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Owners first install software from the set’s included disc on their PCs and plug a base unit into a USB port. Next, pop one of the two included figures (Speed or the too-cute chimp Chim Chim) onto the base, and the character magically appears and interacts in a virtual computer game world.

The new Royalton Racing Complex is now part of the Funkeys land of Terrapinia, so the figures can take part in races when not enjoying the other activities. Other figures, such as Trixie, Snack Oiler and Racer X, are available separately ($7.99 each).

Casa Cristo 5000 Maltese Ice Caves (Mattel, $24.99, uses two D batteries, not included)- The Hot Wheels franchise has definitively brought Speed Racer into its fold. This minicourse uses a launcher to propel the included battle-damaged Racer X vehicle into a major loop and then over a harrowing sheet of ice (translucent plastic) as the car slides around and takes another lap.

Unfortunately, I’m not sure children will want to play with the toy long enough to justify the price; my tester gave out at after 15 minutes. The launcher also eats batteries. Other tracks in the line include the Fuji Helexicon with wild-water Mach 6 and Thunderhead Raceway with Mach 4 ($24.99 each).

What collectors will em-brace is the Hot Wheels’ Speed Racer collection of 1:64 versions of the movie’s famed vehicles ($2.49 each). The 10 from the first wave are masterpieces, especially the colorful designs from Musha Motors and Prince Kabala and who could not like the Mach 5? Each car also gets a plastic accessory that can attach to its underbody.

Mach 6 and Battle Rig (Mattel, $24.99)- Let’s look p 1/2ast the fact that Mattel does not include a 3-inch action figure, and this transformable play set has enough accessories and play potential to satisfy any Speed Racer fan. First and foremost, it’s a semitruck whose trailer houses a customizable Mach 6 (included opening canopy cockpit) with all its extras, such as attachable saw blades, machine guns and missile launchers. The rig then unfolds and turns into a 12-inch-tall tower with a seat for a figure to monitor another missile launcher.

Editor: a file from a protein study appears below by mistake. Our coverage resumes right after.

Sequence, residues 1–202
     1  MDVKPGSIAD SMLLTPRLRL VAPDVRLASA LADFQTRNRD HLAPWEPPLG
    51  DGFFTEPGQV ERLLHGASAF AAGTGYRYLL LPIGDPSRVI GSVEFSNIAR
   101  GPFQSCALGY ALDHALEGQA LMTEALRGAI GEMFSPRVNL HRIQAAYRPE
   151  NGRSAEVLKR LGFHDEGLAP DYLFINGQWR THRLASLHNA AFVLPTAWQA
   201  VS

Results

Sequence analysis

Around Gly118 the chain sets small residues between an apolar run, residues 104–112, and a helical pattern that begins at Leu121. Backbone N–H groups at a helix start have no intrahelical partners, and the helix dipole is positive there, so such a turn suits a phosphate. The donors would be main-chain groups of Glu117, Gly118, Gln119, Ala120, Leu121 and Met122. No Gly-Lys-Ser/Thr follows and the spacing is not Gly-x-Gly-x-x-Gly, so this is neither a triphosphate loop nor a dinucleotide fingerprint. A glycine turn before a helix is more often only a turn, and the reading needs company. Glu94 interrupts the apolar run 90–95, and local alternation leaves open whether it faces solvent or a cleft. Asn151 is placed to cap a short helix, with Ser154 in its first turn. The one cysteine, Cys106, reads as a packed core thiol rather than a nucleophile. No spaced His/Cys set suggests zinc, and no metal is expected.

The missing figures are crucial for taking maximum advantage of the Battle Rig, so Mattel drains parents’ wallets a bit more with either two-packs ($14.99 each) or a Deluxe Battle Vehicle assortment ($15.99 each). The vehicles are too pricey, but designs such as the Mach 5 include Speed and a car with a hood that cracks open to reveal a saw-blade launcher (circular saw blades included).

Grand Prix Race (Lego, $59.99)- It only takes assembling 595 pieces for master builders to own a fantastic Speed Racer play set. The famed Danish company delivers quite the constructible masterpiece, including a detailed press box that doubles from behind as Racer Motors repair shop.

The cool factor rises quickly after the player has built working models of race cars driven by Speed Racer, Gray Ghost and Cannonball Taylor. Extras such as miniature tools, a television monitor, oil drum and checkered finish line add to the experience. Let’s not forget minifigures of Speed Racer, Trixie, Pops, Gray Ghost, Cannonball Taylor, a color commentator, Spritle and the mischievous Chim Chim.

@Lego also offers two-packs of other vehicles with minifigures such as Racer X & Taejo Togokhan ($19.99, averaging 240 pieces) that work well with the raceway.

or write to Joseph Szadkowski at The Washington Times, 3600 New York Ave. NE, Washington, DC 20002.